As reported, coach company Volánbusz are centralising all their regional bus services under one company. They have also created a new logo and a new colour scheme for their different types of bus routes.

Volánbusz is coming to an end of a period of structural reorganisation. In February of this year, wrote that Volánbusz is planning to become a centralised company and replacing its 7 regional centres. However, as of the 1st of October, the regional centres will remain, but they will all be operated under the name Volánbusz. The only visible change for customers will be the facelift that the vehicles will receive – all suburban buses will become yellow, while intercity coach routes will run white buses.

The company is also receiving a new logo as of today, which, based on research by RTL Klub, cost €250 to design and was bought on a stock photo website.

At present the advantages of this reorganisation are not evident; for example, supplying replacement parts and a new bus during a break down from a centralised Budapest headquarters seems inefficient and time-consuming.

The centralisation may be linked to the planned synchronisation of train and bus routes. It will help reduce operation costs by making both systems more efficient. This will be achieved by cancelling either the bus or train route when both are present and one of them is far less popular. Ultimately, this will relieve financial pressure on the national transport system, which is funded by taxpayers.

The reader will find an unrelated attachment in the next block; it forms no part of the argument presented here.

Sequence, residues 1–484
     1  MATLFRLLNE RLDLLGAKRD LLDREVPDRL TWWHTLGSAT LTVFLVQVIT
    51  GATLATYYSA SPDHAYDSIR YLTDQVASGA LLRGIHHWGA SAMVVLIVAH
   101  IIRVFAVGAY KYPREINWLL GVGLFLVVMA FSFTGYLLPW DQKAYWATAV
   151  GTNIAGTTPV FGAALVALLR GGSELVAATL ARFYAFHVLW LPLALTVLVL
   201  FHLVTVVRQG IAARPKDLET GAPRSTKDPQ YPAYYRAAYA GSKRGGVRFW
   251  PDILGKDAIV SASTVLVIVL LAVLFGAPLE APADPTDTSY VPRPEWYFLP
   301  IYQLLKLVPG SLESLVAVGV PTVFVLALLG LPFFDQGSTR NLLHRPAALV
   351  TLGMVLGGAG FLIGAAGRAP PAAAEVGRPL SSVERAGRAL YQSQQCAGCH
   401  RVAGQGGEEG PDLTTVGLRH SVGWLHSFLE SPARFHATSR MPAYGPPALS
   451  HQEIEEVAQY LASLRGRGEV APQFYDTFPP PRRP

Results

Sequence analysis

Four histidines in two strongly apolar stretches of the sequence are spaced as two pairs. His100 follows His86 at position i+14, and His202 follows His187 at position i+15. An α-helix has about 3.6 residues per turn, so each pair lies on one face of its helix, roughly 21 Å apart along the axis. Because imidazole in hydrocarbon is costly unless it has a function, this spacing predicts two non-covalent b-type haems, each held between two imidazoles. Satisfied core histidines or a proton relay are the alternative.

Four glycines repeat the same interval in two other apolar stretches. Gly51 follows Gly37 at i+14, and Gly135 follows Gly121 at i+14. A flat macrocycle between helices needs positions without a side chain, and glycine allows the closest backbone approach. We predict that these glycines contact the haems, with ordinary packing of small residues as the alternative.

Maintaining the bus and rail service in Hungary costs around €1.5 billion a year, and by saving just saving 1-2% could mean that significant budgets can be allocated to other infrastructure projects.

The ultimate target would be to integrate Volán (bus), MÁV (train) and BKK (Budapest transport) services. In some cases commuters to the capital have to buy 3 separate tickets for the 3 different types of transport service.

Since Volán and MÁV are in direct competition at the moment, it is not in their interest to serve each other’s respective stops and stations, which makes commutes across the country very inefficient.

There are regional transport companies administering different modes of regional transport in a lot of European cities – namely London, Paris, Berlin and Vienna – meaning commuters can buy a ticket which is valid across all services. Hopefully Budapest will move in this direction in the near future.

Earlier this year we wrote an article on how to get the best out of public transport in Budapest. The government is also encouraging Hungarian cities to purchase electric buses.

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